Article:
– Respiratory Therapists can help with online support for patients with support groups as well as CPAP adherence.

– In the current home confinement situation due to the COVID-19 outbreak, most individuals are exposed to an unprecedented stressful situation of unknown duration. It may increase not only daytime stress, anxiety, and depression levels but also disrupt sleep and emotional functioning of individuals. Respiratory therapists must acquaint themselves with Cognitive Behavioral Therapy elements that are feasible to implement for those with insomnia.

– Understanding and learning the new non-contact sleep devices: The world’s first non-contact sleep tracking system, manufactured by ResMed, the S+ helps users analyze and improve sleep by recording light, noise, and temperature readings. It syncs with a smartphone and provides tailored feedback and suggestions on how to improve one’s sleep and sleeping environment.

Return – How does a sleep lab ‘restart’ post COVID-19 in an effective way while minimizing risk to patients and staff?

– Sleep centers should have a policy of testing patients with a nasal swab before they arrive for an in-lab sleep study.

– Respiratory therapists can take a lead role in coordinating these tests and also volunteer to do these swabs to expedite the process.

Reimagination – How will sleep centers fundamentally reinvent the business of sleep medicine in the changed situation post-COVID-19?

– The AASM has correctly recognized the threat posed by the COVID-19 pandemic to sleep center operations and patient care. The sleep medicine community can limit contagion without compromising patient care by (1) embracing telemedicine as mentioned above and, and by (2) utilizing disposable home sleep test diagnostics.

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Disposable HSATs can help to streamline patient care. Devices like WatchPAT ONE [Itamar Medical] is a disposable home sleep testing solution that offers the same simplicity, accuracy, and reliability of an in-lab test. Every respiratory therapist who works in the sleep lab should familiarize themselves with WatchPAT ONE and other HSAT products on the market. The simple smartphone app transmits the WatchPAT ONE data from the seven-channel recording to the cloud.  As soon as the study is completed, clinicians can review the automated study results.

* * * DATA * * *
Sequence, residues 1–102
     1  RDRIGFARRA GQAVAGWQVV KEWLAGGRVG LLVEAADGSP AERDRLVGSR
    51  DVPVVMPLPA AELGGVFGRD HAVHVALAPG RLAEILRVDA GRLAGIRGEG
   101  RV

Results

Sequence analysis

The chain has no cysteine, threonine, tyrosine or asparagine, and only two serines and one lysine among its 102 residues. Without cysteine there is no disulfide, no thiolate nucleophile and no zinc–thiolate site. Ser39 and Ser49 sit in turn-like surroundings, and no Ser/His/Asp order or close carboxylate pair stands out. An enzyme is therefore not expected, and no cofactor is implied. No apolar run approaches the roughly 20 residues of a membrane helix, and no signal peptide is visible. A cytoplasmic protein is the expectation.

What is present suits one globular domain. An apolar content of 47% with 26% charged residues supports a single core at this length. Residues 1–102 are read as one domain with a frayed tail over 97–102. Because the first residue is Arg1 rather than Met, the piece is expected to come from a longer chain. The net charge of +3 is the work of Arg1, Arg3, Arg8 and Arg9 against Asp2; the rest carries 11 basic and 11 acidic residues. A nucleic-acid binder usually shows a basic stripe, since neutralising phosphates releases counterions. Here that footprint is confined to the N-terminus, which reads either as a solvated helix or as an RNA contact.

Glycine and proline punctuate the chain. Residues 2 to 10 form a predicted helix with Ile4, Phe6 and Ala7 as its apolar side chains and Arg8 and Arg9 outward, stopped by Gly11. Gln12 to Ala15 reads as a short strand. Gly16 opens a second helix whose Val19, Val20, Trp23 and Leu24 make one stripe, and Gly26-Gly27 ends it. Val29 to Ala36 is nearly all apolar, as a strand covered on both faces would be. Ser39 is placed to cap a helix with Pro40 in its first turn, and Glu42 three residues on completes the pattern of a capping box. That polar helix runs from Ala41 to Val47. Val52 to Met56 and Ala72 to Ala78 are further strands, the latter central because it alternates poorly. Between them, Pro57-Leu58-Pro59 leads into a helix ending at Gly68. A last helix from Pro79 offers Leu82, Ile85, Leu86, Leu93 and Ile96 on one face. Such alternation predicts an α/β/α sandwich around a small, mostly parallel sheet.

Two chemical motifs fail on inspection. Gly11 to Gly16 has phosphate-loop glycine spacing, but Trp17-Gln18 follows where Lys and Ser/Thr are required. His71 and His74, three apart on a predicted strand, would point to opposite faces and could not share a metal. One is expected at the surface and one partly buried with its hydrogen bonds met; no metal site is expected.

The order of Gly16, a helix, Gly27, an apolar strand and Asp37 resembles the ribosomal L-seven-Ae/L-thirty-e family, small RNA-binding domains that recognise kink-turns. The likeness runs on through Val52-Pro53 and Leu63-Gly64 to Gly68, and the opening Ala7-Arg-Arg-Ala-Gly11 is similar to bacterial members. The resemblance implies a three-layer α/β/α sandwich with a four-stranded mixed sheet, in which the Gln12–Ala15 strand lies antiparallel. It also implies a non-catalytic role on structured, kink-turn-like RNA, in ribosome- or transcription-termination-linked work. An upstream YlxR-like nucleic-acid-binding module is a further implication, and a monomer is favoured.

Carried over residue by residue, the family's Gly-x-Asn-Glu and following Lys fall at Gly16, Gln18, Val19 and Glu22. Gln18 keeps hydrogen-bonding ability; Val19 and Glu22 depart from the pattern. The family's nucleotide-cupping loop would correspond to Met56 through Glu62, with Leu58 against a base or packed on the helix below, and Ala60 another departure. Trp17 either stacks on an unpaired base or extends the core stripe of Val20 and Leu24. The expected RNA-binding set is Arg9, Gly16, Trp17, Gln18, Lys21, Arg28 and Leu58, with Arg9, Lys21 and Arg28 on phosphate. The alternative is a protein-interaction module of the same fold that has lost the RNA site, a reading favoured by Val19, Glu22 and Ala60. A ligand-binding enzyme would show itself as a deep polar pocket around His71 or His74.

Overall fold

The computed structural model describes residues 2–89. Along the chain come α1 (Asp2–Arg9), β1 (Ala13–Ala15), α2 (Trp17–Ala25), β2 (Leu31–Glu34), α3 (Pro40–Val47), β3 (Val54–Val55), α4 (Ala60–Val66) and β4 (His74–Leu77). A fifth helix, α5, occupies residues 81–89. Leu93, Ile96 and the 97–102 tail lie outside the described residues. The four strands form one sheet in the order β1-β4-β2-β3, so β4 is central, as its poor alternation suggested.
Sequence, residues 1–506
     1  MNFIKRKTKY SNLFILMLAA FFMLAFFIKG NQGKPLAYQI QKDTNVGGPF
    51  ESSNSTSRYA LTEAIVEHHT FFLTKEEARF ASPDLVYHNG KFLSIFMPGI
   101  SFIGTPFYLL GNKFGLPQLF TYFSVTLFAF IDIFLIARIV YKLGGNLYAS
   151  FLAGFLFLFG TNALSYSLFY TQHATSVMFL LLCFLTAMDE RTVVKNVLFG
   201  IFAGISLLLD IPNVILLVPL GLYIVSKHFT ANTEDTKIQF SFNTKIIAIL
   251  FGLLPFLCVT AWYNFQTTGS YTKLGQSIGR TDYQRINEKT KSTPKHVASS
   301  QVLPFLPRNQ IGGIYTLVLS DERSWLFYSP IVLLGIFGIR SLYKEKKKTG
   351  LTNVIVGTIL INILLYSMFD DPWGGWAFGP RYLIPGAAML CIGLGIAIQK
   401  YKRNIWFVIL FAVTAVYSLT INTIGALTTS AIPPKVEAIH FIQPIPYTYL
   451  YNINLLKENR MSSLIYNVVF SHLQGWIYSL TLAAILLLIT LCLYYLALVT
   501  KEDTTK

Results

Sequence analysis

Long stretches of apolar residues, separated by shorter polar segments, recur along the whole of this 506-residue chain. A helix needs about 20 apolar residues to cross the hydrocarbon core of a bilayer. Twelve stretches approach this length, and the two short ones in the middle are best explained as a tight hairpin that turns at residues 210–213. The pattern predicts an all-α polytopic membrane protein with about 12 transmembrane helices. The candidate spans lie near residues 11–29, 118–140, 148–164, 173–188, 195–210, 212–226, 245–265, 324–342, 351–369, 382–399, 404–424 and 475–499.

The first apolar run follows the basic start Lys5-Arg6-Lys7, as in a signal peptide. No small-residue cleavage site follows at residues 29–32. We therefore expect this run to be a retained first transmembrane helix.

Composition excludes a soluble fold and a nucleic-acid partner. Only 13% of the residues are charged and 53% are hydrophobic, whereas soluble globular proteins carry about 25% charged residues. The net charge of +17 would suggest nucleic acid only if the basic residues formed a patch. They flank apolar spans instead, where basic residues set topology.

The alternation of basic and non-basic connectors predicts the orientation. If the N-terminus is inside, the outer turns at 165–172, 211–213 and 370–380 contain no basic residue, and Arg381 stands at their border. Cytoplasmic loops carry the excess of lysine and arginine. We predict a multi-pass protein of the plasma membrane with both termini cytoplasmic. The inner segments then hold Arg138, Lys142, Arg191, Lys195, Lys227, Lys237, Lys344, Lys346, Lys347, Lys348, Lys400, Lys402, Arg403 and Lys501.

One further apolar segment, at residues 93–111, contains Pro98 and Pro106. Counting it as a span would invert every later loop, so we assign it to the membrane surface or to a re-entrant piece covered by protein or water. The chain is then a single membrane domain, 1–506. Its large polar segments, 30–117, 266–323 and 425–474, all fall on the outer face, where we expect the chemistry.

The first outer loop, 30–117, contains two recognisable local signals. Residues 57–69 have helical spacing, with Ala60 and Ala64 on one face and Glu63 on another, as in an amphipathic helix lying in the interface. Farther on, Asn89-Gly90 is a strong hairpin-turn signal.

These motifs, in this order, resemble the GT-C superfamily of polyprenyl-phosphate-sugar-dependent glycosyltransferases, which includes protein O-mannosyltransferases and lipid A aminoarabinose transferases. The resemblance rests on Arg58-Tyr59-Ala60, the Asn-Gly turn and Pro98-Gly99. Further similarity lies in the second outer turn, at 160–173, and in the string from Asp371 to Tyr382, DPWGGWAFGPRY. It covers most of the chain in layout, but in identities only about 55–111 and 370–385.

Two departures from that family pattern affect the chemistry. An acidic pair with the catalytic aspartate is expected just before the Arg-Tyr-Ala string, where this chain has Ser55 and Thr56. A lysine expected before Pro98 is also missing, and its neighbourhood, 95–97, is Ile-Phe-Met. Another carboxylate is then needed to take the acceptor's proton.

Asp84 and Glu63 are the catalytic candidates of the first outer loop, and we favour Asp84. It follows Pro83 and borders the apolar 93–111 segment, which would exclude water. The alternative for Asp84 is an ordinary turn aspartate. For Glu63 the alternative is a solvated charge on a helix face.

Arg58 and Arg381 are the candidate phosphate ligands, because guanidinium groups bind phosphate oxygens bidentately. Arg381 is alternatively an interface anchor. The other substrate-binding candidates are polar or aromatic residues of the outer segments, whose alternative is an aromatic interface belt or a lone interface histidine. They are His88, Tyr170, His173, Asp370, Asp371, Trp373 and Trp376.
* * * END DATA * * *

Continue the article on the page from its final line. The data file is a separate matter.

Reform – How will the relationship between insurance, licensing agencies, and practitioners and support staff [NP, PA, RT] change? What actions can be taken to both preempt a future health crisis and support the reimagined system of the future?

– Practitioners should have a voice in changing reimbursement vis a vie the insurance companies.

– There will be more emphasis on research, education, and online health care delivery. Future respiratory therapists need to learn not only the craft of respiratory therapy but should be technically savvy enough to cope with the coming changes in healthcare delivery technology.

COVID-19 has disrupted the lives of all of us. And this new coronavirus is creating a dilemma for those suffering from sleep apnea and other sleep problems. Is it safe to go to a sleep center for a sleep test? Should I visit a doctor for a consult and risk an infection? Respiratory therapists can play a pivotal role in helping patients with sleep-related breathing disorders in the current changed healthcare milieu by keeping themselves abreast of emerging sleep diagnostic and management technology. These steps can greatly extend the overall reach of the practice and scope of sleep medicine.

RamMohan Gumpeni, MD1, Victor Beauvil, RRT, PhD2, Orsete Dias, PhD2, Arunabh Talwar, MD, FCCP3

1. New York–Presbyterian Queens Hospital, Flushing, NY
2. Mandl School, The College of Allied Health, New York, NY
3. Northwell Health, Department of Pulmonary, Critical Care and Sleep Medicine, New Hyde Park, NY

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4. Ellemarije Altena . J Sleep Res. 2020;00:e13052